Instructor Joe Geiger received a Bachelor’s degree in Business Administration and a Master’s degree in History from Marshall University where he taught as an adjunct professor in the History department. He has published two books, Civil War in Cabell County, West Virginia, 1861–1865 and Holding The Line: The Battle of Allegheny Mountain and Confederate Defense of the Staunton-Parkersburg Turnpike, 1861-62, and numerous scholarly articles. Geiger, who serves as the State Historian and Archivist, has worked for West Virginia Archives and History since 1998 and was appointed Director in 2009.
CLASS 2: THURSDAY, OCTOBER 12 at 7 pm – Wheeling’s Treasure Maps: Using New Digital Tools to Find the Oldest Surviving Homes in North Wheeling Professor Dan Bonenberger of Eastern Michigan’s Historic Preservation Program will discuss how he is leading an effort to identify houses from the 1830s to 1860s by analyzing old maps using new technologies. His presentation will go step-by-step through the process including how the some of the oldest maps of Wheeling (1853, 1871, and 1890) were brought together for analysis in a Geographic Information System (GIS). He will explain where the team found the maps, how they were digitized and integrated with high-resolution aerial orthophotographs, and describe how digital libraries and other tools such as Google Streetview are being used to supplement traditional fieldwork and archival research, as well as provide an overview of the larger project including how census records, city directories, and other sources can be used to flesh out the story of West Virginia homes and people. Bonenberger will discuss best practices for digitizing historic maps, photographs, and ephemera in light of the principles and values that guide his research and show some rare images of North Wheeling, numerous details from the historic maps, and reveal some of the oldest houses that have been identified in the area.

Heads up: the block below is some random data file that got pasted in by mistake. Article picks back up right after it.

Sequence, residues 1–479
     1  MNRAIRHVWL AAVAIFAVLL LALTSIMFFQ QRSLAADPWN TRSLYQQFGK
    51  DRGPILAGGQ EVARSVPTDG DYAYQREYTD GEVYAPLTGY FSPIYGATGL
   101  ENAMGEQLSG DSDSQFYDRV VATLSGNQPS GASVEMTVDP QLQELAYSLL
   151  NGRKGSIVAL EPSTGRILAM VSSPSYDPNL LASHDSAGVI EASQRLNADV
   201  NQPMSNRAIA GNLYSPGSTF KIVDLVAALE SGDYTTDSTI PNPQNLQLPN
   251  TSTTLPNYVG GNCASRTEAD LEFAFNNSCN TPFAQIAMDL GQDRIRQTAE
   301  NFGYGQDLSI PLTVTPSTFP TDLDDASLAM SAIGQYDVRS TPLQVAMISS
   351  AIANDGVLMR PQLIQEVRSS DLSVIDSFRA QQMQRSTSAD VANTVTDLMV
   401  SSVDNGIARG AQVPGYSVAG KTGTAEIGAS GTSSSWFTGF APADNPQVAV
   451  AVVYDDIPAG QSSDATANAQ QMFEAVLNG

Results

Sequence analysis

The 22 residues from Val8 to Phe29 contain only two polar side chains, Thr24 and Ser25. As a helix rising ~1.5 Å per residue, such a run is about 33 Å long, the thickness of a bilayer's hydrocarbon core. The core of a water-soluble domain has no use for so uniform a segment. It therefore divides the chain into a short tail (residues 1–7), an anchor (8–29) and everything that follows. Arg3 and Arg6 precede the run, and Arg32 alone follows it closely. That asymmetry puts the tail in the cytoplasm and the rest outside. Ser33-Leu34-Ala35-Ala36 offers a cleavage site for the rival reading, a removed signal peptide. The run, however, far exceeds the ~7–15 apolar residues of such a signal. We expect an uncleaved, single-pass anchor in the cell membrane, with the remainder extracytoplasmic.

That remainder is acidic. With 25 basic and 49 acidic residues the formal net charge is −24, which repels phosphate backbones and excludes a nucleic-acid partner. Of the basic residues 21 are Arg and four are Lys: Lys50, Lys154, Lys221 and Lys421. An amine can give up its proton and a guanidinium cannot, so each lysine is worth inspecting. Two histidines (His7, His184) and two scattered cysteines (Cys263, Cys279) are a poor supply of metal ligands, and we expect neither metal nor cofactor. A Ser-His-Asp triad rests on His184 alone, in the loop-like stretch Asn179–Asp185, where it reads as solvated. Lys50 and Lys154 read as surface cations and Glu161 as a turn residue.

The public is encouraged to bring old photographs of the neighborhood north of the suspension bridge to the event. Selected photographs will be digitally scanned during the event to supplement the project and its goal of preserving evidence of North Wheeling’s past. Of particular interest are those taken before ca. 1960 where houses, businesses, or streetscapes are visible. The Eastern Michigan Historic Preservation North Wheeling Program project is funded by a grant from the West Virginia State Historic Preservation Office administered by Wheeling Landmarks Commission in partnership with Wheeling Heritage.